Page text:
Poston, T. (1971) Fuzzy geometry. PhD thesis, University of Warwick.
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The concept of fuzzy space is due independently to Poincaré and Zeeman. (Poincaré used the term "physical continuum", Zeeman the term "tolerance space". I have reluctantly introduced a third expression since my attempts to generate a vocabulary from either of these have all proved impossibly unwieldy.) Both were led to it by the nature of our perception of space, and both adapted to it tools current in topology. Unfortunately, neither examined the application of these tools in complete detail, and as a result the argument from analogy was somewhat over-extended by both. The resemblances to topology are strong; the differences are sometimes glaring and sometimes subtle. In the latter case the difficulties produced by a topologically-conditioned intuition can be severe obstacles to progress. (Certainly, having been reared mathematically as a topologist I have found it necessary to distrust any conclusion whose proof is not painfully precise. ) For this reason many of the proofs in this paper are set out in somewhat more detail than would be natural in a more established field. For this reason also I have here not only set out the positive results I have so far obtained in the subject but, for the benefit of topologists, elaborated on the failures of analogy with topology where a more succinct exposition would have ignored them as dead ends (e.g., in Chap. I, §2).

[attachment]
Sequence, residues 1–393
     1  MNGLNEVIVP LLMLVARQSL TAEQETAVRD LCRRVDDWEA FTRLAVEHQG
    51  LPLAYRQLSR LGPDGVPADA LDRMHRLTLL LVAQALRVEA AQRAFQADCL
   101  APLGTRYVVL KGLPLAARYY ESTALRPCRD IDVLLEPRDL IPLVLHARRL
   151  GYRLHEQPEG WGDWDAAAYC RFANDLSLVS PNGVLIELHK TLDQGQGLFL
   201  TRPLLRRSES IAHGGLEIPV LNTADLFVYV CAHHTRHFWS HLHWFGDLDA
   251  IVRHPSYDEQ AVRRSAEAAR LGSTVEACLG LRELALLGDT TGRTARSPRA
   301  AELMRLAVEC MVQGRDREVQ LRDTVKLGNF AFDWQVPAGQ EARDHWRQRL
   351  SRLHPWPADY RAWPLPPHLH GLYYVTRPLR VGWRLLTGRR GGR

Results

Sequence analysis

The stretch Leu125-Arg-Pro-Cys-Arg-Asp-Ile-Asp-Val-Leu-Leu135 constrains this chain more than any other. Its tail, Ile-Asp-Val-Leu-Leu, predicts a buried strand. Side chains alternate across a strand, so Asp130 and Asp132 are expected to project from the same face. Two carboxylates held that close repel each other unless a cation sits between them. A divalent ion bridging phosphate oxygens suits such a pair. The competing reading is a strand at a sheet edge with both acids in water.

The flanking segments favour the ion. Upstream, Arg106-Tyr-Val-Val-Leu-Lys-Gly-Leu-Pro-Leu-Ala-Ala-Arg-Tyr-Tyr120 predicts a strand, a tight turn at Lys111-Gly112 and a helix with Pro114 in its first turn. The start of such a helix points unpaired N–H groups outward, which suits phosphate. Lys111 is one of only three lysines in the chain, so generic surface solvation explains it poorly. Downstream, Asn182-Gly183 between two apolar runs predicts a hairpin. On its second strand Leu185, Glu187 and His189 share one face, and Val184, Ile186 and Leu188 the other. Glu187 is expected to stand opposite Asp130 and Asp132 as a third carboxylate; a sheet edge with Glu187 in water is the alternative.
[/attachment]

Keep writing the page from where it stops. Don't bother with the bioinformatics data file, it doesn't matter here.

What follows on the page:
|Item Type:||Thesis or Dissertation (PhD)|
|Subjects:||Q Science > QA Mathematics|
|Library of Congress Subject Headings (LCSH):||Fuzzy topology|
|Institution:||University of Warwick|
|Theses Department:||Mathematics Institute|
|Supervisor(s)/Advisor:||Brown, R. ; Rees, Elmer G. ; Cockcroft, W. H. (Wilfred Halliday) ; Zeeman, E. C. (Erik Christopher), 1925-|
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